• Books •
January 24, 2008
The emergence of Al-Qaeda and other Islamic terror organizations is a story that demands far greater attention than most Americans have yet invested. Given the importance of this story — not only for understanding 9/11, but for understanding the present — this is a matter that demands a substantial education on the part of the American public.
January 23, 2008
The Book of Job remains an enigma for many Christians. Beyond this, it has been misused as a text for protest atheism and as a pretext for much theological mischief. Robert S. Fyall offers a virtually unprecedented approach to Job in Now My Eyes Have Seen You: Images of Creation and Evil in the Book of Job [Apollos/InterVarsity Press].
January 22, 2008
The history of African-American theology raises one key question — What happened? Thabiti M. Anyabwile, now senior pastor of the First Baptist Church, Grand Cayman Islands, answers this question in The Decline of African American Theology: From Biblical Faith to Cultural Captivity [InterVarsity Press]. Anyabwile traces a road from biblical orthodoxy to theological liberalism in the mainstream of African-American theology.
January 18, 2008
Spiritual discernment is an art, a science, and the responsibility of every disciple of Jesus Christ. At the same time, we live in a culture that rejects discernment and we see churches that have failed in the task of preparing Christian believers to practice spiritual discernment. A Christian without discernment is unable to see the difference between the truth and the lie, the artificial and the real, the orthodox and the heretical, even right and wrong.
January 17, 2008
“What’s troubling about so many of the boys I see in my practice, or the boys I hear about from parents and teachers, is that they don’t have much passion for any real-world activity,” writes Leonard Sax, a family physician and author. Sax is also a researcher who is very concerned about the way that boys are falling behind in school and in so many other arenas of life.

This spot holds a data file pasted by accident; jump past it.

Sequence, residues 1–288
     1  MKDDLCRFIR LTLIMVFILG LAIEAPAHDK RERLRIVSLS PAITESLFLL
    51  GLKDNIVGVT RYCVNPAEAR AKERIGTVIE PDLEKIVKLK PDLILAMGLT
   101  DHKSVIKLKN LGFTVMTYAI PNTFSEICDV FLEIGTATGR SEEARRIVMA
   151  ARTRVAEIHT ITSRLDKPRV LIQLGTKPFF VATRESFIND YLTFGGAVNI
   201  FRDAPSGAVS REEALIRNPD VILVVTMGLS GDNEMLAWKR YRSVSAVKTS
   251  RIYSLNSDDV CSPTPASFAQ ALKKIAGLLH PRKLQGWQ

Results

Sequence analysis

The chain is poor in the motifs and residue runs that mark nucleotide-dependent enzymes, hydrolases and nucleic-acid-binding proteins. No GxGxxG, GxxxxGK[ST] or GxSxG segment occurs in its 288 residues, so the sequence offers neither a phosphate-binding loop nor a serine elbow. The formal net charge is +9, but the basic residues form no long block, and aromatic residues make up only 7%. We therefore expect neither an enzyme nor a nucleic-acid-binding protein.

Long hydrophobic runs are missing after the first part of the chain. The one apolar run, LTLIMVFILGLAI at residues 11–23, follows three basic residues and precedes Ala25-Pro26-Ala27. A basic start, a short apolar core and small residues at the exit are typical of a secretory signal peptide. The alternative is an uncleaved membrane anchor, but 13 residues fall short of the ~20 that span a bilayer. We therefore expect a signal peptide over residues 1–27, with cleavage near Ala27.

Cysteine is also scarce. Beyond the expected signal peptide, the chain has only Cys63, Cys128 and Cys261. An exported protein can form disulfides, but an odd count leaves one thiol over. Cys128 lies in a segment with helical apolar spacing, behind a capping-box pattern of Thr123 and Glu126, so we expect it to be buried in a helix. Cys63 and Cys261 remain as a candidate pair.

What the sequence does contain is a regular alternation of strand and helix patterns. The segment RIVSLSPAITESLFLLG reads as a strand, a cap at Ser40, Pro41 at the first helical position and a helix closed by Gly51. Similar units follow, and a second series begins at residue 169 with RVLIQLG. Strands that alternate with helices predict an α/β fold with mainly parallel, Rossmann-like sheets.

January 15, 2008
I would not normally list my own writings here, but my new book, Culture Shift: Engaging Current Issues with Timeless Truth, is released today by Multnomah Books. The book deals with the big landscape of Christian cultural engagement and looks at several of the most controversial and difficult issues of the era.
January 11, 2008
The twentieth century has rightly been described as the century of “mega-death” — death on a scale unprecedented in human history. The century was also an era of “mega-murderers,” with tyrants such as Lenin, Stalin, Hitler, and Pol Pot perfecting the machinery of death. Tyrants in the past may have had similar visions of massive murder, but the machinery of modernity made death on this scale possible in the last century.
January 10, 2008
Just yesterday, a pastor told me of a candidate for ordination to the Gospel ministry who told the examining council that he had never shared the Gospel with another person one-on-one. That was shocking enough. But the real shock came when the pastor reported that the ordination council nevertheless recommended the man for ordination — to the Gospel ministry, no less.
January 8, 2008
Sen. Barack Obama has quickly emerged as a major political force in America, and if predictions and polling projections hold, he will emerge the big winner of today’s New Hampshire primary. This means that many Americans are trying to understand this man and the meaning of his candidacy. Few persons can match Shelby Steele in terms of cultural analysis. A research fellow at the Hoover Institution, Steele is one of the nation’s most insightful analysts on a host of issues, including race. His earlier book, The Content of our Character: A New Vision of Race in America is one of the most significant works on race to emerge in this generation. That book was brave, insightful, and deservedly influential.
January 7, 2008
Writing in The New Yorker, Caleb Crain warns that literary reading is fast disappearing as Americans are shifting attention to amusements. In “The Twilight of the Books,” Crain cites a number of research reports from both the United States and the Netherlands and argues that we are just not reading as previous generations had read….
January 7, 2008
Bret Lott, a Charleston-based author of best-selling novels, has edited a wonderful collection of Christian fiction in Eyes to See [Thomas Nelson]. Lott has chosen stories from masters such as Fyodor Dostoevsky, Leo Tolstoy, and Flannery O’Connor — joined by eleven other writers whose stories will make the Christian think and reflect . . . and enjoy reading.
January 7, 2008
Years ago, Walter Ong argued that our civilization is returning to a condition of “orality” in which the text gives way to the tongue. Specifically, Ong argued that this condition is actually a form of “secondary orality” since the culture had once been literate — but willingly gave up reading. The great civilizational achievement of literacy was being surrendered to a new non-literate age, fueled by television and mass electronic culture.